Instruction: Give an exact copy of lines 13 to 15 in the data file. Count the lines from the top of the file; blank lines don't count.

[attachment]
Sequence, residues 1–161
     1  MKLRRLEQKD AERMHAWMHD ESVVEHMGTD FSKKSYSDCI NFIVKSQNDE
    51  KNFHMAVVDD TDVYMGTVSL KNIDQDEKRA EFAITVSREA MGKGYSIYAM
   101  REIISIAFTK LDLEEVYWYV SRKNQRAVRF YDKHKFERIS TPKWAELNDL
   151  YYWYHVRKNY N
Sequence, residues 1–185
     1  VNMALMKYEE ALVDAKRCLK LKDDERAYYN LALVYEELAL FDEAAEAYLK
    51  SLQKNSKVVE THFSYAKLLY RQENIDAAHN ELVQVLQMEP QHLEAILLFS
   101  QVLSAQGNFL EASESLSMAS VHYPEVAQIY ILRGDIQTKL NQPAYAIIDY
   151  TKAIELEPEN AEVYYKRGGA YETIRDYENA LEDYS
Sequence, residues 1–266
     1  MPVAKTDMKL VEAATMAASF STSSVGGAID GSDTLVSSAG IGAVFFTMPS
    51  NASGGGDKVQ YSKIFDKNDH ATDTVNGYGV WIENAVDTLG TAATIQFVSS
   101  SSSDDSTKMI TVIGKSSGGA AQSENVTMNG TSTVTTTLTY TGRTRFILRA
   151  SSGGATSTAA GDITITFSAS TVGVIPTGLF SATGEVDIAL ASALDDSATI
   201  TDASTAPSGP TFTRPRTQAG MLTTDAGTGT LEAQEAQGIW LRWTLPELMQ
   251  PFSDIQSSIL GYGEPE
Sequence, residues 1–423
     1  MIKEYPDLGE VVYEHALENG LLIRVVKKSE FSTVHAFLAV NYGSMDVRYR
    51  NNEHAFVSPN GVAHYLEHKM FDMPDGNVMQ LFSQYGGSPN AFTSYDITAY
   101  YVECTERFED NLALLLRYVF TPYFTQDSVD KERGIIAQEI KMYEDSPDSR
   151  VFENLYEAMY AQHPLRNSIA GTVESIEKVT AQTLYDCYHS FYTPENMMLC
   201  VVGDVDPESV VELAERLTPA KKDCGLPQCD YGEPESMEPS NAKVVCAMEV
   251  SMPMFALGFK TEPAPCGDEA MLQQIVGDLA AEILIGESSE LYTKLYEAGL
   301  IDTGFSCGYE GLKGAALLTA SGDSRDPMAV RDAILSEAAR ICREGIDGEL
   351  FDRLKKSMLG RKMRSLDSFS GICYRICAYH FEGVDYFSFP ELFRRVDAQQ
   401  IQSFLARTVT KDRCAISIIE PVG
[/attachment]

    51  NASGGGDKVQ YSKIFDKNDH ATDTVNGYGV WIENAVDTLG TAATIQFVSS
   101  SSSDDSTKMI TVIGKSSGGA AQSENVTMNG TSTVTTTLTY TGRTRFILRA
   151  SSGGATSTAA GDITITFSAS TVGVIPTGLF SATGEVDIAL ASALDDSATI